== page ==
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Social contact networks for the spread of pandemic influenza in children and teenagers.

Glass LM, Glass RJ - BMC Public Health (2008)

Bottom Line: Random contacts, primarily in school passing periods, were numerous but had much lower transmission potential compared to those with primary links within groups.A small number of individual students are identified as likely "super-spreaders".Closing schools and keeping students at home during a pandemic would remove the transmission potential within these ages and could be effective at thwarting its spread within a community.

View Article: PubMed Central - HTML - PubMed

Affiliation: Albuquerque Public Schools, Albuquerque, New Mexico, USA. arual721@comcast.net

ABSTRACT

Background: Influenza is a viral infection that primarily spreads via fluid droplets from an infected person's coughs and sneezes to others nearby. Social contact networks and the way people interact within them are thus important to its spread. We developed a method to characterize the social contact network for the potential transmission of influenza and then applied the method to school aged children and teenagers.

Methods: Surveys were administered to students in an elementary, middle and high-school in the United States. The social contact network of a person was conceptualized as a set of groups to which they belong (e.g., households, classes, clubs) each composed of a sub-network of primary links representing the individuals within each group that they contact. The size of the group, number of primary links, time spent in the group, and level of contact along each primary link (near, talking, touching, or kissing) were characterized. Public activities done by groups venturing into the community where random contacts occur (e.g., friends viewing a movie) also were characterized.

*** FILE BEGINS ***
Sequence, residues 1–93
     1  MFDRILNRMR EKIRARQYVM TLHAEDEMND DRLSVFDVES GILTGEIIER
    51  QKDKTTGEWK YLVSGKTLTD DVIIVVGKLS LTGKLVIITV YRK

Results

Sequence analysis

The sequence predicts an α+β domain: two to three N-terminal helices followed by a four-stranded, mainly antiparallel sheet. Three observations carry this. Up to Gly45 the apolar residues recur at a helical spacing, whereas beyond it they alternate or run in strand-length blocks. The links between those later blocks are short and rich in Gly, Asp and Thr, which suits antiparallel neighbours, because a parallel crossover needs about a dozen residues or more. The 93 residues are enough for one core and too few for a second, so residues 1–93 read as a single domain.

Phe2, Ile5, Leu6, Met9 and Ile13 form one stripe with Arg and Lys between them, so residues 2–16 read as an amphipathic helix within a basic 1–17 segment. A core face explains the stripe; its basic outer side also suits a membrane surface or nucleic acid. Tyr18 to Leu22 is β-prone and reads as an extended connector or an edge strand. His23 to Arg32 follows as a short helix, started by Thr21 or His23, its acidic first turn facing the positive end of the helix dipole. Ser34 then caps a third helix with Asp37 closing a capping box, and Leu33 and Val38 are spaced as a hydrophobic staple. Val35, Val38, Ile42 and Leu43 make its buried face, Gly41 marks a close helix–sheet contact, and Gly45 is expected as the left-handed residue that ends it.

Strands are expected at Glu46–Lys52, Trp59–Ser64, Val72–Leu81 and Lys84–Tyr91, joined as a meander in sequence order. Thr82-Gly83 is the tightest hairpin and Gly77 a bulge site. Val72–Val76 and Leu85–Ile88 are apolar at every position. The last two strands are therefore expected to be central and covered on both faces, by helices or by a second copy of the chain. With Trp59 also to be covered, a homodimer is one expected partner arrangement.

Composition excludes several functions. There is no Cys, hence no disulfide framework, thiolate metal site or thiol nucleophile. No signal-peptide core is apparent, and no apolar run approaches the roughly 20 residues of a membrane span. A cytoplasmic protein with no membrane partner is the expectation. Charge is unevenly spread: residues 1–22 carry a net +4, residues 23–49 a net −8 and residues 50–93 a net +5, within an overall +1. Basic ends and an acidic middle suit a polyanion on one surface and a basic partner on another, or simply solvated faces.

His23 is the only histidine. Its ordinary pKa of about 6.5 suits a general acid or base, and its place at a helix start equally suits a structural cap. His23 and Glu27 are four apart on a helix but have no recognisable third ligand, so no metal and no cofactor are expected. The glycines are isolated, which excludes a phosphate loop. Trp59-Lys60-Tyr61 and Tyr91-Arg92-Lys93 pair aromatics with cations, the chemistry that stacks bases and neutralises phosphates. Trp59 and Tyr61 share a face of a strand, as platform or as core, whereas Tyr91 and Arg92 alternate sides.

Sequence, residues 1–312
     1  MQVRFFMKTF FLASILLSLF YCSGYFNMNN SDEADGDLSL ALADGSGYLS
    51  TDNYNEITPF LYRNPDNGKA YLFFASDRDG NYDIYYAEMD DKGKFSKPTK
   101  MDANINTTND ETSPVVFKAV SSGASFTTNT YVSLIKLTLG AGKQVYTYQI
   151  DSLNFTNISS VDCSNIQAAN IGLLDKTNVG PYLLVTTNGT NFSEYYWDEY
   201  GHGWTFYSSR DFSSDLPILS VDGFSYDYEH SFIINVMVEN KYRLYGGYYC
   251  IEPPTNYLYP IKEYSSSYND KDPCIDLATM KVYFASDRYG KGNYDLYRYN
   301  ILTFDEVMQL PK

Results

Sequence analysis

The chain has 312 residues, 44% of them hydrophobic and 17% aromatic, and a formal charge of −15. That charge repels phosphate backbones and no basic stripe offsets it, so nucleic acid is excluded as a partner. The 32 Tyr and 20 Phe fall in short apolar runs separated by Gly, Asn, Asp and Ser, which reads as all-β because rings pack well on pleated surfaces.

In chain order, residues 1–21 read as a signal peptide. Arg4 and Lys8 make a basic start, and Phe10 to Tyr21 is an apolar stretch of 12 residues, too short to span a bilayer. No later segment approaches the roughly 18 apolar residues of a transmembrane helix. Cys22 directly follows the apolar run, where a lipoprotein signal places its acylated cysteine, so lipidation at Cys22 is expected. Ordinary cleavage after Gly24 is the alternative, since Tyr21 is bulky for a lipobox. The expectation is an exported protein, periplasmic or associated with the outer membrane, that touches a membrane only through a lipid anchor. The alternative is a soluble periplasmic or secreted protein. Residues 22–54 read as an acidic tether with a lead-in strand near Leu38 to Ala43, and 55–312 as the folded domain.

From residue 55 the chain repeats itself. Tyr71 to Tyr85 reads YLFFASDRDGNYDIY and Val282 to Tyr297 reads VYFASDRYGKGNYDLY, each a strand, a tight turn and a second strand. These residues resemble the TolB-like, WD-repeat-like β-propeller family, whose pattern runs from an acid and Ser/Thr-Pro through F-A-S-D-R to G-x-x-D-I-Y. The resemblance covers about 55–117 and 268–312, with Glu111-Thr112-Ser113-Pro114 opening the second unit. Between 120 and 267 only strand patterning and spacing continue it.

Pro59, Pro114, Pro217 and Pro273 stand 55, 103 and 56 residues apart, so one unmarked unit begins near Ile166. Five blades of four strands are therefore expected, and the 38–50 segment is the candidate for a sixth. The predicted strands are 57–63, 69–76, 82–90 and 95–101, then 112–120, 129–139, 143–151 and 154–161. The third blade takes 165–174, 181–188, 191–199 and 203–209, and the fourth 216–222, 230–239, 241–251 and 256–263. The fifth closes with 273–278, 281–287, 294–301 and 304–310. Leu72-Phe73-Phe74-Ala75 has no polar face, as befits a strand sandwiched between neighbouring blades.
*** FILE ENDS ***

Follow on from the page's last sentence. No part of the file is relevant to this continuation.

Results: Students, groups and public activities were highly heterogeneous. Groups with high potential for the transmission of influenza were households, school classes, friends, and sports; households decreased and friends and sports increased in importance with grade level. Individual public activity events (such as dances) were also important but lost their importance when averaged over time. Random contacts, primarily in school passing periods, were numerous but had much lower transmission potential compared to those with primary links within groups. Students are highly assortative, interacting mainly within age class. A small number of individual students are identified as likely "super-spreaders".

Conclusion: High-school students may form the local transmission backbone of the next pandemic. Closing schools and keeping students at home during a pandemic would remove the transmission potential within these ages and could be effective at thwarting its spread within a community. Social contact networks characterized as groups and public activities with the time, level of contact and primary links within each, yields a comprehensive view, which if extended to all ages, would allow design of effective community containment for pandemic influenza.

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Related in: MedlinePlus

Individuals. We show for each grade the 5a) contact-hours in groups per-day, 5c) contact-hours in public activities per-day and 5e) the contact-level-hours per-day added across both groups and public activities without double counting. In each figure a point is plotted for an individual and a box denotes plus and minus one SD centered on the mean value. The red box in 5e) calls attention to the three data points as possible "super-spreaders" within the population surveyed. 5b), 5d), and 5f) show histograms that combine all students in all grades. Per-day values were formed for an average day that incorporated both week days and weekends.